Libraries and Copyright
Copyright law is of central importance to libraries. Many library services are subject to the limitations and conditions of various copyright exceptions, most notably fair use and Section 108 of the U.S. Copyright Act. The materials on this website give particular emphasis to those copyright provisions. The checklists found below may be reproduced or adapted to suit your needs, but please do so under a "Creative Commons Attribution Only" license (http://creativecommons.org/licenses/) with this form of attribution: "Used under a Creative Commons BY license from the Copyright Advisory Office of Columbia University, Kenneth D. Crews, director."
See the following pages for more detailed information about Section 108 and its application to various library services.
*This section and subsections are from, and are used under a Creative Commons BY license from the Copyright Advisory Office of Columbia University, Kenneth D. Crews, director.
Section 108 of the U.S. Copyright Act allows eligible libraries and archives to reproduce and distribute certain materials for specific purposes, under conditions spelled out in relatively rigorous detail.
What libraries may use Section 108?
A library is eligible for the benefits of Section 108 if its collections are open to the public, or are available to researchers who are not affiliated with the institution, but who are doing research in a specific field. Most public and academic libraries and archives will qualify.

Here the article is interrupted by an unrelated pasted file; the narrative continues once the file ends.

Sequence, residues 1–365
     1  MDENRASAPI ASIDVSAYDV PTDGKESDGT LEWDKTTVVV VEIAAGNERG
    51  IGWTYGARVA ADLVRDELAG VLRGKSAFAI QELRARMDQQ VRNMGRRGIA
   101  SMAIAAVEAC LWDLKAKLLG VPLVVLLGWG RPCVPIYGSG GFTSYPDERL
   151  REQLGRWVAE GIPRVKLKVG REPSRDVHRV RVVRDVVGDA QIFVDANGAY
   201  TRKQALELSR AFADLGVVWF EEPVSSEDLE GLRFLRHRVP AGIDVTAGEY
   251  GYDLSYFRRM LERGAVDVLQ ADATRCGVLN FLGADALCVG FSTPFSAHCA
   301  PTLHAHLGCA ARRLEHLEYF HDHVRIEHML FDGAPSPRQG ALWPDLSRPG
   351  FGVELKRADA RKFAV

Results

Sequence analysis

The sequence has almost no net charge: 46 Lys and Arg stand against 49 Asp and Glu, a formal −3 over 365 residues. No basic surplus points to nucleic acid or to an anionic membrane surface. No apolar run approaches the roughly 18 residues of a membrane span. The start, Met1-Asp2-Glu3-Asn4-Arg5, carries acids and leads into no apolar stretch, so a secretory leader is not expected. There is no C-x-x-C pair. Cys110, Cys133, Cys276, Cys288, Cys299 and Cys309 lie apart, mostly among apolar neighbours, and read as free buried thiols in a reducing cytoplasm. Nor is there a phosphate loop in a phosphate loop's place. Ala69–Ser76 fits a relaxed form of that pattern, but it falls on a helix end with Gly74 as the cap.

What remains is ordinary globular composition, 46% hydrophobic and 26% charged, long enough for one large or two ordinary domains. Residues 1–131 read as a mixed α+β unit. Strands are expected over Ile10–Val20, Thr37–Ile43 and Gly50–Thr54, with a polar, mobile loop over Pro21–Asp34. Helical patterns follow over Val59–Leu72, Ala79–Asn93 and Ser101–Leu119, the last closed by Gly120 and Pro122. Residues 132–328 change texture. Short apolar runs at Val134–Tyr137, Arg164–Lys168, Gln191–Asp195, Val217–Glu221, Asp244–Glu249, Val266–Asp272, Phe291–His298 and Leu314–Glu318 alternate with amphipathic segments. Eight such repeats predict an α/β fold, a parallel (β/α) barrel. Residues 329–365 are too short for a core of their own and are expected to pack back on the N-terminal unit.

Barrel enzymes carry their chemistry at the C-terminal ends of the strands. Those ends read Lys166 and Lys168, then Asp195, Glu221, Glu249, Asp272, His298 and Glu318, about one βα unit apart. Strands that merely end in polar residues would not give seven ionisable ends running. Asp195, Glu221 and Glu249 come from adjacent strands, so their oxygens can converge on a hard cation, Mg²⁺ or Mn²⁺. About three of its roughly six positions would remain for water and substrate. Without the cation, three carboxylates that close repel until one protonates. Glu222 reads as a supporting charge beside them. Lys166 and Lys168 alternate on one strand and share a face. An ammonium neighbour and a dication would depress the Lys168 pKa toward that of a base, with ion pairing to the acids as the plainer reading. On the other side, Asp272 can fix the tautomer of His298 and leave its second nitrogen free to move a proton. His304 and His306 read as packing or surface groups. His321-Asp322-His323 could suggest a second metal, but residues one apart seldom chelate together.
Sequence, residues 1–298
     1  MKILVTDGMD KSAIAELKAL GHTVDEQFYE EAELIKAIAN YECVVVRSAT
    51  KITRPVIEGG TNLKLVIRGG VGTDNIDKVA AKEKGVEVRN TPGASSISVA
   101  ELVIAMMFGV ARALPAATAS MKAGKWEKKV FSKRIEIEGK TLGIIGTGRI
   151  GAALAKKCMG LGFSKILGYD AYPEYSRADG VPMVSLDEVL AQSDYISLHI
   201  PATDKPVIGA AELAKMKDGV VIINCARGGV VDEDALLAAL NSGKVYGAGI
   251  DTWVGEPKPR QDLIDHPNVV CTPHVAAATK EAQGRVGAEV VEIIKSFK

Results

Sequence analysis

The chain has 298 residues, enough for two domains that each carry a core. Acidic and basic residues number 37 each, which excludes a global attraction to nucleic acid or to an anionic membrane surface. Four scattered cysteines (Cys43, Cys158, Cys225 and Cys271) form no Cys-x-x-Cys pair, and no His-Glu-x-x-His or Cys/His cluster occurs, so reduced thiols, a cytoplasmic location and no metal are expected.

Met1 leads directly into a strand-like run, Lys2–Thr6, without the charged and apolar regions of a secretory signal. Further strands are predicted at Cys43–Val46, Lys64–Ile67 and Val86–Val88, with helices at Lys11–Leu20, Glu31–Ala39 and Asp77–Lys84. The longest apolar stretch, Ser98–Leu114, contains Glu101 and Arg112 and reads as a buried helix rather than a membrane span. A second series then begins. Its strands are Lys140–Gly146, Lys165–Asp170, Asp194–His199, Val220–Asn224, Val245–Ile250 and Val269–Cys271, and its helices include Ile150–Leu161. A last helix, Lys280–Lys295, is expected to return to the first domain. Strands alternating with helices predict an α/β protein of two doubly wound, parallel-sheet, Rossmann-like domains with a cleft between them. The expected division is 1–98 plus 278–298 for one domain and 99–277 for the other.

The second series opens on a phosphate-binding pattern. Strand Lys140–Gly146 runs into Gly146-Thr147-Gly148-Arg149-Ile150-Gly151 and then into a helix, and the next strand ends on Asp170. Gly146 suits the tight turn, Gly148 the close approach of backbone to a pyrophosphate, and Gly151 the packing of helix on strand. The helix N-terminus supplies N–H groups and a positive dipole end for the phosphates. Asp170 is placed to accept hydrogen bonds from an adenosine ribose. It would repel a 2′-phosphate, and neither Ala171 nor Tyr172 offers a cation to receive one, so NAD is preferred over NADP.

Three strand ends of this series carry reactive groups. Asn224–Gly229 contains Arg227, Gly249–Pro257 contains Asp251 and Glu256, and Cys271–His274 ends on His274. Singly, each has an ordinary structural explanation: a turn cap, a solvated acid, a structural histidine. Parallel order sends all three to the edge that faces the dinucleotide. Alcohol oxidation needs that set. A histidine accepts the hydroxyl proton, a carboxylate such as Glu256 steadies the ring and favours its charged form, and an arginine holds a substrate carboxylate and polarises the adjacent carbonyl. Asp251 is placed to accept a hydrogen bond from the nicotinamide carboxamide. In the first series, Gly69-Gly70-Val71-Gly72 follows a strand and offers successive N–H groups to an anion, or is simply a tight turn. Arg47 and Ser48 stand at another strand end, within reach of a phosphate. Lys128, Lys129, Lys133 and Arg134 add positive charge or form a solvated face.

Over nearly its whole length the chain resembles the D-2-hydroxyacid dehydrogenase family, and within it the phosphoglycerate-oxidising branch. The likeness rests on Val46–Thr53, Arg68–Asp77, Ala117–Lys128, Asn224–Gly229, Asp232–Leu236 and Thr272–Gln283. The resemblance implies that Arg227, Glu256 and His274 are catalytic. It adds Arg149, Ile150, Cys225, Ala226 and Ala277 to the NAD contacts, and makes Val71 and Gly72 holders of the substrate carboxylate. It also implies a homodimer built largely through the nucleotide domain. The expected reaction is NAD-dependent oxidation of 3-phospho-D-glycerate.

Which activities are permitted by Section 108?
The statute principally applies to copies for preservation and for research, but the scope of Section 108 is outlined more fully below. Section 108 also offers protection for libraries that post warning notices on copying machines.
Can the library make multiple copies of works under Section 108?
The statute generally permits only single copies of works in isolated and unrelated occasions. The preservation and replacement provisions permit up to three copies on a single occasion.
What if my activities are not within Section 108?
The uses of a copyrighted work may instead be within fair use or another statutory exception, or the library may seek permission from the copyright owner.
Section 108 Resources
- Full Text of Section 108 (17 U.S.C. § 108)
- Analysis of Section 108 by Kenneth Crews (prepared in 2001)
- Nifty Section 108 "Spinner" Tool from the American Library Association
- The Section 108 Study Group convened for three years, and in its 2008 report proposed a variety of changes to the statute. Congress has not taken action on these proposals, but watch for any new developments.
Used under a Creative Commons BY-NC license from the Copyright Advisory Office of Columbia University, Kenneth D. Crews, director.